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Correspondence

Analgesic efficacy of single-dose parecoxib for corneal suturing in children

Subramaniam, R.*; Joshi, C.*; Sharma, A.*; Prasad, C. N.*

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European Journal of Anaesthesiology: May 2007 - Volume 24 - Issue 5 - p 464-465
doi: 10.1017/S0265021506001426

EDITOR:

Corneal injuries in children are still common in developing countries. Suturing of corneal perforations is undertaken under general anaesthesia utilizing opioids. The efficacy of non-steroidal anti-inflammatory drugs (NSAIDs) has not been evaluated for this procedure. We conducted this randomized, double-blind study to assess whether a single dose of parecoxib could be a satisfactory alternative to fentanyl, and whether topical proparacaine, a local anaesthetic, would enhance the quality of perioperative analgesia in children receiving parecoxib.

Following departmental approval and informed, written parental consent, 110 (American Society of Anesthesiologists Grade I/II) children aged 7–14 yr, scheduled for repair of corneal perforation were enrolled in the study. Intravenous (i.v.) access was obtained after topical eutectic mixture of anaesthetics cream application. All children were taught to express postoperative pain in terms of a verbal response score (VRS) ranging from 0 denoting no pain to 3 denoting unbearable pain. Children were randomly allocated to one of three groups: Group F (i.v. fentanyl 2 μg kg1), Group P (i.v. parecoxib 20 mg up to 35 kg weight and 40 mg if weight >35 kg) and Group PL (parecoxib as in Group P and five drops of 0.25% proparacaine topically). After applying routine monitoring, fentanyl or parecoxib was injected over 2 min. Anaesthesia was induced with propofol and a laryngeal mask (LM) was inserted. Anaesthesia was maintained with rocuronium and isoflurane in 40% oxygen–nitrous oxide with mechanical ventilation.

Intraoperative monitoring included heart rate, mean arterial pressure, need for rescue analgesic (0.5 μg kg1 fentanyl) and number of episodes of oculocardiac reflex. Neuromuscular block was reversed and the LM removed at the end of surgery after a dressing had been applied.

In the postanaesthesia care unit (PACU), a nurse assessed the pain status on a 3-point scale ranging from 0 (quiet/sleeping) to 2 (crying/obvious pain/distress). The VRS was used on awakening. For a nurse-assessed score of 2 or VRS ≥ 2, fentanyl 1 μg kg1 was administered. All children were sent to their ward after 1 h in the PACU. Pain was re-assessed at 2, 6 and 12 h. When a child complained of pain in the ward, oral ibuprofen syrup 10 mg kg1 was administered by the ward nurse and one of the investigators was notified. The final pain score and parental satisfaction of the child's comfort was evaluated at 24 h.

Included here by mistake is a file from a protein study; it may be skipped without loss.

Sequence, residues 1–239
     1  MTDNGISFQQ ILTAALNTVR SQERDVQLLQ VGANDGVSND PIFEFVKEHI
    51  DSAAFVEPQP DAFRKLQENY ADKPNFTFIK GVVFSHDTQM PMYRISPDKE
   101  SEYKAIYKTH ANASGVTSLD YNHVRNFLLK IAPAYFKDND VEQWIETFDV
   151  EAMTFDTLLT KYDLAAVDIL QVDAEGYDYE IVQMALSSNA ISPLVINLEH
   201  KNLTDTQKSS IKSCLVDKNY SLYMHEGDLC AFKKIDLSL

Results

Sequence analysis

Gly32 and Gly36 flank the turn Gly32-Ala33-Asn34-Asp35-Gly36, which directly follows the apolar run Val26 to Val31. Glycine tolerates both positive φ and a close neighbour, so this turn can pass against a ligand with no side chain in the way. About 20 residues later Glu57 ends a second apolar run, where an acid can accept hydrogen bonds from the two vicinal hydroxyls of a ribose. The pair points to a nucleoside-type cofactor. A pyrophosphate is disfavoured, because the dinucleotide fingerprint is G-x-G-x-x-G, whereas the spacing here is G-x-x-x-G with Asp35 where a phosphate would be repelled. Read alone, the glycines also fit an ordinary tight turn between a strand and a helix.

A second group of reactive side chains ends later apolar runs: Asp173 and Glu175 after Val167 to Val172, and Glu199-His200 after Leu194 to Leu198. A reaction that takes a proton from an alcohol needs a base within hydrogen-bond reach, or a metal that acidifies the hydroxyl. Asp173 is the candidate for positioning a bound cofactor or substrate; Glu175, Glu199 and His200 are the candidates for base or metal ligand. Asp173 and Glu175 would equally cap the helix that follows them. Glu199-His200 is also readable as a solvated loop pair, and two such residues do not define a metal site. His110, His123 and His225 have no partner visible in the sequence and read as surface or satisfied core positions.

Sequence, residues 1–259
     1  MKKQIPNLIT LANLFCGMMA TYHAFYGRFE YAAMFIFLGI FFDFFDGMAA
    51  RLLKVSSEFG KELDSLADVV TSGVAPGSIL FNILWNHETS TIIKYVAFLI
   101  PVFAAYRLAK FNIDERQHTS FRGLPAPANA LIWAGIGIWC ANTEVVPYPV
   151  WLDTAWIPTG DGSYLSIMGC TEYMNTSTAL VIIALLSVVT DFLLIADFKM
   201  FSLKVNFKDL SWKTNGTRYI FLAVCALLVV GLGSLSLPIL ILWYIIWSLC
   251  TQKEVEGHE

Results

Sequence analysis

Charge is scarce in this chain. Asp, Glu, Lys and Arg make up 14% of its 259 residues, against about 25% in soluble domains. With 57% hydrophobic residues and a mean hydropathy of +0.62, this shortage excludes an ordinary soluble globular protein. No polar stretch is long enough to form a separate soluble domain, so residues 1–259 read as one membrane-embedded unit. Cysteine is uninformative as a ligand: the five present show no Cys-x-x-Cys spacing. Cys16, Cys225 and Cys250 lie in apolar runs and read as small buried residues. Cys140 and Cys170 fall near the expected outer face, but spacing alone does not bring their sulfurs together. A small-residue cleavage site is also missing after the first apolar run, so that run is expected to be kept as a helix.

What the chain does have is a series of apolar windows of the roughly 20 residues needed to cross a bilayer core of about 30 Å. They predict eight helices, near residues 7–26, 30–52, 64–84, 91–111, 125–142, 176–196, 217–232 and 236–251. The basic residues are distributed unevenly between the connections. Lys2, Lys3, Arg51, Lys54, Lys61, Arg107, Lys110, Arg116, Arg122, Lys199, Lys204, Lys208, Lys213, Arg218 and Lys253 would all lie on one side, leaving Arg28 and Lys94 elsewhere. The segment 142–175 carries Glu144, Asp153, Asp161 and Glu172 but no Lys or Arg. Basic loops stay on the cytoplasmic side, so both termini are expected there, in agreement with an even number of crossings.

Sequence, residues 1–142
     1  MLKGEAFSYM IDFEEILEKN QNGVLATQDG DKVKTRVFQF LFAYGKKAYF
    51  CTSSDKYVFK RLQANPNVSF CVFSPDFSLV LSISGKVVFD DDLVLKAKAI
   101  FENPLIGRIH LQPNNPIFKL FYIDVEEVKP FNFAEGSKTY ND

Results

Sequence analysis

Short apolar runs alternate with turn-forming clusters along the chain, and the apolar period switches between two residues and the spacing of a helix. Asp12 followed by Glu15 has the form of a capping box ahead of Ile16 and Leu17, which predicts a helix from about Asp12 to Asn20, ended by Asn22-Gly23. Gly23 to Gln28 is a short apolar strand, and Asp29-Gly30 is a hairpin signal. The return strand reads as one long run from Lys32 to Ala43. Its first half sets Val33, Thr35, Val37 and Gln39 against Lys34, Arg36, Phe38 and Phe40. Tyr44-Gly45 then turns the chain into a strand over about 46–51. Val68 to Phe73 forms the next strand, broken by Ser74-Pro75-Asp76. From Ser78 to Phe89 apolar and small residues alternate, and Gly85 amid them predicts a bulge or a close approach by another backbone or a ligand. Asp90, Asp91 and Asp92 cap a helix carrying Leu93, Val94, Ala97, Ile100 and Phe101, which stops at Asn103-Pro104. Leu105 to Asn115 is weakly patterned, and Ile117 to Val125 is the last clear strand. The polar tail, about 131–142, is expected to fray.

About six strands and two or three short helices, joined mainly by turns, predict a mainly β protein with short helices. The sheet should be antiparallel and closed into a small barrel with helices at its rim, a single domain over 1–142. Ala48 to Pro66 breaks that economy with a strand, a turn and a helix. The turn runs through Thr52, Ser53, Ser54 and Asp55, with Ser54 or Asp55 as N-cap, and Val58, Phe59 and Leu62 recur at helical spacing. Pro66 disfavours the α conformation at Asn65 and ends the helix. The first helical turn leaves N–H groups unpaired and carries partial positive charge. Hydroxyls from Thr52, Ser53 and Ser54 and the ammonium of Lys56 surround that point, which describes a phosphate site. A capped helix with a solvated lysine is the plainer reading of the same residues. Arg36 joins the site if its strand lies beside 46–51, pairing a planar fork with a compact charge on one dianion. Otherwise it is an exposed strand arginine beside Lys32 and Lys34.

A total of 90 children were finally analysed (30 in each group). The patient characteristics data were comparable. Intraoperative rescue was required by four children in Group F and seven children in Group P compared with one child in Group PL (P < 0.001). Children in Group F had more episodes of the oculocardiac reflex (17) than in the P (1) and PL (3) groups (P < 0.001). On awakening 12 children in Group F required analgesia compared to one in Group P and none in Group PL (P < 0.001 for both). Twelve children in Group F required at least two doses of ibuprofen (up to 24 h) compared with four (single dose) in Group PL (P < 0.05) and six (single dose) in Group P (P < 0.05). Antiemetic treatment was required by 18 patients in Group F compared with three in Group PL and four in Group P (P < 0.001). At 24 h, eight children in Group F had a VRS score of 1; it was 0 in both P and PL groups. Parents of children in Groups P and PL were satisfied with their child's comfort, whereas 14 parents in Group F were upset about postoperative nausea and vomiting.

Although the role of cyclooxygenase-2 inhibitors in children is poorly defined, their use is common [1], primarily for arthritis [2]. Rofecoxib in adenotonsillectomy has been found to be superior to placebo with no difference in blood loss [3]; it is morphine-sparing with earlier return to activity [4]. We could not locate any published studies on parecoxib in children. Parecoxib has been found to be as effective as 12 mg morphine, and possibly superior to 6 mg morphine for laparotomy in adults [5]. Gastric and haematological side-effects are less common with parecoxib for many types of postoperative pain [6]. The Australian Adverse Drug Reactions Bulletin [7] has recommended approval for a single dose of parecoxib. Our study shows that single-dose parecoxib is a suitable and superior alternative to fentanyl for corneal suturing with longer postoperative comfort, less postoperative nausea and vomiting and no observed adverse effects. However, efficacy of i.v. vs. rectal NSAIDs and safety need to be evaluated in larger paediatric groups before parecoxib can be proclaimed to have any real benefit.

References

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© 2007 European Society of Anaesthesiology